BEIRUT (Reuters) - The U.S-backed Syrian Democratic Forces (SDF) are on the verge of seizing full control of the southern neighborhoods of Islamic State-held Raqqa, a Kurdish official said on Tuesday.
The U.S.-led coalition said SDF fighters advancing from the east were within 300 meters (330 yards) of meeting up with those advancing from the west. The SDF was making “consistent gains” every day, the coalition spokesman said.
On Monday, the World Health Organization said there were critical shortages of medical supplies in Raqqa, where it estimated up to 50,000 civilians remained. Separately, Medecins Sans Frontieres said many sick and wounded people were trapped.
The SDF launched its U.S.-backed campaign to seize Raqqa in early June. The assault on Islamic State’s de facto capital in Syria overlapped with the campaign to drive IS from the Iraqi city of Mosul, where IS was defeated last month.
The Kurdish official told Reuters SDF fighters advancing from the east and the west remain separated by a few streets where fighting continued.
Full control of the southern districts would sever Islamic State’s last remaining path to the Euphrates River which is to the south of the city.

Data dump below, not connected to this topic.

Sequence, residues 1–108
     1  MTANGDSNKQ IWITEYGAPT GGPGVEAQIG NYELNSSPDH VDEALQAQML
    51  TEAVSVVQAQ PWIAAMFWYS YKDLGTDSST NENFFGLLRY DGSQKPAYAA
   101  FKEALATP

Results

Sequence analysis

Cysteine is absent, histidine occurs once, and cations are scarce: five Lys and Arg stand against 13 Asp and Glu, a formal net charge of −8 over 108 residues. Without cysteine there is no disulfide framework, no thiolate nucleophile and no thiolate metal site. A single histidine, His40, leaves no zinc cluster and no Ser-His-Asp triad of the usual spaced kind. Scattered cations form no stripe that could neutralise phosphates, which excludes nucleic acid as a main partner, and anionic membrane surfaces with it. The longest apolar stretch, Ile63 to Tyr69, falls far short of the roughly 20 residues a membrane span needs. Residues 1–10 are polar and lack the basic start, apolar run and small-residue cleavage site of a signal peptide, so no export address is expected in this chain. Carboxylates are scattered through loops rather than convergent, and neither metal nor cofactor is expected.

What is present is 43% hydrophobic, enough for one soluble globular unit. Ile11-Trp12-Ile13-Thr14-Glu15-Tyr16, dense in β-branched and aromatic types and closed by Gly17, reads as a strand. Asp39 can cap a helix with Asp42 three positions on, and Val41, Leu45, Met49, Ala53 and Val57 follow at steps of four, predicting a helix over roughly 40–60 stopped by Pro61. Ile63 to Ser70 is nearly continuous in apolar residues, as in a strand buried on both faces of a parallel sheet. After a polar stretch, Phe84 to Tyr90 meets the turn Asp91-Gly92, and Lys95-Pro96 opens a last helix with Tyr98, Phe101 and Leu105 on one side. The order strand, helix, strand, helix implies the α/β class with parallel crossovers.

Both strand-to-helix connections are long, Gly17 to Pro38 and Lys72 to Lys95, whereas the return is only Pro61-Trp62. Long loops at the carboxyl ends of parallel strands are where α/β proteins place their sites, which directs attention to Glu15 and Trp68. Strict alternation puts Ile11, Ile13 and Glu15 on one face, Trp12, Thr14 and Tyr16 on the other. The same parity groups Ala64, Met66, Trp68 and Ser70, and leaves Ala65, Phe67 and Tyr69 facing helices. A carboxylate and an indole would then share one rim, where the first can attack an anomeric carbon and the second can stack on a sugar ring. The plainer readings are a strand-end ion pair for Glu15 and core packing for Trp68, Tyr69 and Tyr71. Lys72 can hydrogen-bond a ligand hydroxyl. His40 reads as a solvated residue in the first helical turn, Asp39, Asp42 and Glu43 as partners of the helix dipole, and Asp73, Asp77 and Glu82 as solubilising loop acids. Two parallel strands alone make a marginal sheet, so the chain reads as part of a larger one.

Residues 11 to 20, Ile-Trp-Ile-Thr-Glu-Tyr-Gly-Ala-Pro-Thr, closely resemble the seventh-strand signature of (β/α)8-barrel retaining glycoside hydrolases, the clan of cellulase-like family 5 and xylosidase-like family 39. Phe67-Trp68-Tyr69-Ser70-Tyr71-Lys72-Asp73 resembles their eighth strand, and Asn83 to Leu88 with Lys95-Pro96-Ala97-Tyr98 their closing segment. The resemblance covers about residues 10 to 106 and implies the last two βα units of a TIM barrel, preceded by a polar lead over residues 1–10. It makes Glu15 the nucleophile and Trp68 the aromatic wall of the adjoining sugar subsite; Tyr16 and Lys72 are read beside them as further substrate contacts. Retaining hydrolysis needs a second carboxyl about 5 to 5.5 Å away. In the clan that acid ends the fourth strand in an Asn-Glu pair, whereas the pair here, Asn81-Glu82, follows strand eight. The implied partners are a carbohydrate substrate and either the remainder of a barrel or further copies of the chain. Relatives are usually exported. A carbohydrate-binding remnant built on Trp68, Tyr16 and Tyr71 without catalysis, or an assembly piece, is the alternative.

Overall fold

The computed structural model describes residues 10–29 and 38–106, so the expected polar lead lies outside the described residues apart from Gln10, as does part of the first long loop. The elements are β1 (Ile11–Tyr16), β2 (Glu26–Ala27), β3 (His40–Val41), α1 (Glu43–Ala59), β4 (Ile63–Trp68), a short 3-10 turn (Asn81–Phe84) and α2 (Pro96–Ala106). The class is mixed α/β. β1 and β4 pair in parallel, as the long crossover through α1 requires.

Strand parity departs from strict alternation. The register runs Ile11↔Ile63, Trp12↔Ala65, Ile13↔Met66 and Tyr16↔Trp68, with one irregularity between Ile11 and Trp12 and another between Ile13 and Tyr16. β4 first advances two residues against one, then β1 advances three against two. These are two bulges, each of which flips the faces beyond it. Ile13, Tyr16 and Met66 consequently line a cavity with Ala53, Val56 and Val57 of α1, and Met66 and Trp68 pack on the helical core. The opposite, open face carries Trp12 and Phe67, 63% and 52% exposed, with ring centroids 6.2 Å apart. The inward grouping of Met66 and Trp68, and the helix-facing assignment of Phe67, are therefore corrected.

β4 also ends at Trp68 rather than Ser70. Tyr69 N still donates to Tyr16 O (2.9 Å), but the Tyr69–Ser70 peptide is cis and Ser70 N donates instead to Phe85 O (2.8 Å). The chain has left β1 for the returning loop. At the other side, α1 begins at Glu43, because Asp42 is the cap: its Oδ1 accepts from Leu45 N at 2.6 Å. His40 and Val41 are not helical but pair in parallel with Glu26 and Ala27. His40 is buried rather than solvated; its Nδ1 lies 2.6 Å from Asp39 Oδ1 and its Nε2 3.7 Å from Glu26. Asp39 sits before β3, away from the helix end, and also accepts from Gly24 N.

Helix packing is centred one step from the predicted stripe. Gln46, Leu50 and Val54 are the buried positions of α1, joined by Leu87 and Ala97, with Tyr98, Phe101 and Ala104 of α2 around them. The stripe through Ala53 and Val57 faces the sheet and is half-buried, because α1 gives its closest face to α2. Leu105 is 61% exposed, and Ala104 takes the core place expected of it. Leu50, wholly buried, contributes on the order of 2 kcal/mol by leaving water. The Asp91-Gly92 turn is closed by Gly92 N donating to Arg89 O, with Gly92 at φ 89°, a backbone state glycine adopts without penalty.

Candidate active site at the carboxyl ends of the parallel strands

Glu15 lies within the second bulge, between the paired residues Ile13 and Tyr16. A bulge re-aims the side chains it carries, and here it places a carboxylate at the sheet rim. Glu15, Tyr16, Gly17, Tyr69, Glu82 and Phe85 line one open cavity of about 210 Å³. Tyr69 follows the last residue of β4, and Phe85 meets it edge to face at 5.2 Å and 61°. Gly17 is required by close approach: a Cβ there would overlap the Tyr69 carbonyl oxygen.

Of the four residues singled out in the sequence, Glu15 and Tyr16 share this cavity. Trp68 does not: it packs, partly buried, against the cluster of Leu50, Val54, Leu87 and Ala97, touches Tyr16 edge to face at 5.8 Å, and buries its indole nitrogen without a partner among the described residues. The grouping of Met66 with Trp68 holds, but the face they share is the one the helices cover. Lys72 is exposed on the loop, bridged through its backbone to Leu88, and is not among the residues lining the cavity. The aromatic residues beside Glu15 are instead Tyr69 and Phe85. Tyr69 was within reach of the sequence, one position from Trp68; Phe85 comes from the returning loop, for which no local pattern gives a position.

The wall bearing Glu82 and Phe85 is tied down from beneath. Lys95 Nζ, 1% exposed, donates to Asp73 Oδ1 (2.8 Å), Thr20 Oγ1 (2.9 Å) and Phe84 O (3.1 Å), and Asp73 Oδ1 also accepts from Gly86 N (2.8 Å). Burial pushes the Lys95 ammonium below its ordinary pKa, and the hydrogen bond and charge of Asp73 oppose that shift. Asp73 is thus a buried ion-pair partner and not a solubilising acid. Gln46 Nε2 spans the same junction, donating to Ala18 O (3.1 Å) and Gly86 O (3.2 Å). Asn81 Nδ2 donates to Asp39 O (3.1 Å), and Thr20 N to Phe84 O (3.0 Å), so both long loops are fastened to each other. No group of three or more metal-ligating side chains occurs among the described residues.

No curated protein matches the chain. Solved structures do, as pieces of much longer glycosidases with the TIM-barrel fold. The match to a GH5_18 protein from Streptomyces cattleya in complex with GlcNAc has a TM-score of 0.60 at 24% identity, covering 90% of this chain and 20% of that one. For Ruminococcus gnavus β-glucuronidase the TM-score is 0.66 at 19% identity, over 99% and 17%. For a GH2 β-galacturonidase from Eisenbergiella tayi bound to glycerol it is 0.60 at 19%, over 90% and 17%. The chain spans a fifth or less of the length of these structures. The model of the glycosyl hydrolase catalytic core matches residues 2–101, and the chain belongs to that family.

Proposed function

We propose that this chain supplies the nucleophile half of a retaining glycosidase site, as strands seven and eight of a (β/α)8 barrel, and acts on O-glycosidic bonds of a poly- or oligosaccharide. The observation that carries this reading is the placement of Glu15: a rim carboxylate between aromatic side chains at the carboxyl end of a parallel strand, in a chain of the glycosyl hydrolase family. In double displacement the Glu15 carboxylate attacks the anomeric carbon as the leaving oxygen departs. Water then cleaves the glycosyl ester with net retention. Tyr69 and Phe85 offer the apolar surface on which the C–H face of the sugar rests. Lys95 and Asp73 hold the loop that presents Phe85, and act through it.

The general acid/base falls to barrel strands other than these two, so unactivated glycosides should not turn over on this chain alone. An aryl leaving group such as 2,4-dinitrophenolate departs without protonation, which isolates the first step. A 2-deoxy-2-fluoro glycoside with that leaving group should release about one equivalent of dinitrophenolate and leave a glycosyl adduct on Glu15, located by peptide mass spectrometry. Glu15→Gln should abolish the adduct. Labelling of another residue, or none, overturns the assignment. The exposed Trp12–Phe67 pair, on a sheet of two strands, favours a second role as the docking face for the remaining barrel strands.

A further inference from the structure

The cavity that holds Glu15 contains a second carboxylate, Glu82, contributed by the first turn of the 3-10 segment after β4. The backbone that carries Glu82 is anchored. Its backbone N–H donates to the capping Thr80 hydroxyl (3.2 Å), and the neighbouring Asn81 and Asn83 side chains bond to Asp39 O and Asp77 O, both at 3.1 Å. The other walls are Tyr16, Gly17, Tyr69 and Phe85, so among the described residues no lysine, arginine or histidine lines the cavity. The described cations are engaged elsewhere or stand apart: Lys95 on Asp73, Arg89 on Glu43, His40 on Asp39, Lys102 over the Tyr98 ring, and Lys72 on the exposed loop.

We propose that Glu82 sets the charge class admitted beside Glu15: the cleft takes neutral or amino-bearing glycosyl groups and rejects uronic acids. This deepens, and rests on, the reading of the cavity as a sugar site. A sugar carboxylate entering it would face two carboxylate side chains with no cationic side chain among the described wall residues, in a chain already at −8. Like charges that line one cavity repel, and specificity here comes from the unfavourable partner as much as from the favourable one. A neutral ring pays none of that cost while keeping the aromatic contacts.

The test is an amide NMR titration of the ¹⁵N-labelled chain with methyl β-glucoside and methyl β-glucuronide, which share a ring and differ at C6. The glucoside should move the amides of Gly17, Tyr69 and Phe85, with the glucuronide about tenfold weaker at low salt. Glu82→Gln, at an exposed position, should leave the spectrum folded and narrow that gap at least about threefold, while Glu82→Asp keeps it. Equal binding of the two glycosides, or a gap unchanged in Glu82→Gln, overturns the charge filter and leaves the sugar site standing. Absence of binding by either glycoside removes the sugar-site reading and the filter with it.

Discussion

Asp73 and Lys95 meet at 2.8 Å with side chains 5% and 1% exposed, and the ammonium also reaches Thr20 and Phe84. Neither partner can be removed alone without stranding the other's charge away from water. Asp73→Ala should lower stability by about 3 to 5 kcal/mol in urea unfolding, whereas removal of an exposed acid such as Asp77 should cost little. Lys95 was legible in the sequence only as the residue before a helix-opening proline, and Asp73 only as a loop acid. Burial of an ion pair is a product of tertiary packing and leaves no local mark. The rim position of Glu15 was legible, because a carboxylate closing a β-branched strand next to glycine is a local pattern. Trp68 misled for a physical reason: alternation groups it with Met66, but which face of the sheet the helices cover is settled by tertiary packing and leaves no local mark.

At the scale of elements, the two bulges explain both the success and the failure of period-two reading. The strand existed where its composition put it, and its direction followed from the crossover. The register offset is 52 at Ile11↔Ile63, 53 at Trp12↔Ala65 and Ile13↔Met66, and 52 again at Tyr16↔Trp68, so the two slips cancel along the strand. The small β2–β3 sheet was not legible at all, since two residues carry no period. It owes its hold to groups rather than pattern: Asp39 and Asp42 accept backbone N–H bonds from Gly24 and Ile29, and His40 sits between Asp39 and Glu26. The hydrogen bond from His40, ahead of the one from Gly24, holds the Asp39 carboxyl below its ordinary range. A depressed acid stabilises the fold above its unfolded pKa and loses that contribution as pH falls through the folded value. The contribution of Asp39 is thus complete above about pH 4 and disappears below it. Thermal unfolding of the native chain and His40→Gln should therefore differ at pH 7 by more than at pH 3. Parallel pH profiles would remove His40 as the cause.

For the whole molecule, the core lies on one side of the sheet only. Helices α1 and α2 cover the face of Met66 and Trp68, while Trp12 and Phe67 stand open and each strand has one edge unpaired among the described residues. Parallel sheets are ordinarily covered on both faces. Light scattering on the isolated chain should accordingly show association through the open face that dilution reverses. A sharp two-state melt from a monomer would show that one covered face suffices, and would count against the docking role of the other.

“There is a fierce resistance from Daesh, so we can’t determine when exactly we’ll take (full control),” said the official, referring to Islamic State. “Around 90 percent of the southern neighborhoods are liberated,” the official added.
The spokesman for the U.S.-led coalition said SDF fighters had also captured around 10 square km (4 sq miles) of territory from Islamic State north of Raqqa in the last two days.
“We’ve seen a less coherent ISIS defense in Raqqa compared to Mosul. ISIS is still using car bombs, booby traps, and civilians to hide behind, but their inability to address the multiple advances from the SDF is apparent,” coalition spokesman Col. Ryan Dillon said in response to emailed questions from Reuters.
In an appeal for $20 million to respond to the crisis in northeastern Syria, the World Health Organization on Monday described the situation in Raqqa as “particularly worrying”.
“Raqqa’s main hospital and many other health care facilities have closed due to airstrikes,” it said. “The facilities that are still functioning face critical shortages of medicines, supplies and equipment.”
“Water and electricity are available only intermittently,” it said, adding that civilians were unable to move freely due to travel and security restrictions imposed by IS.
Medecins Sans Frontieres relayed patient reports of large numbers of sick and wounded people trapped inside Raqqa “with little or no access to medical care and scant chance of escaping the city.”
Last week, the Syrian Observatory for Human Rights reported that the SDF has captured half of Raqqa.
The SDF is dominated by the Kurdish YPG militia, and is the main partner for the U.S.-led coalition against Islamic State in Syria.
Islamic State has lost large expanses of territory in Syria over the last year to separate campaigns waged by the SDF, the Russian-backed Syrian military, and Turkey-backed Syrian rebels.
Reporting by Sarah Dadouch/Tom Perry; additional reporting by Tom Miles in Geneva; Editing by Tom Perry and Alister Doyle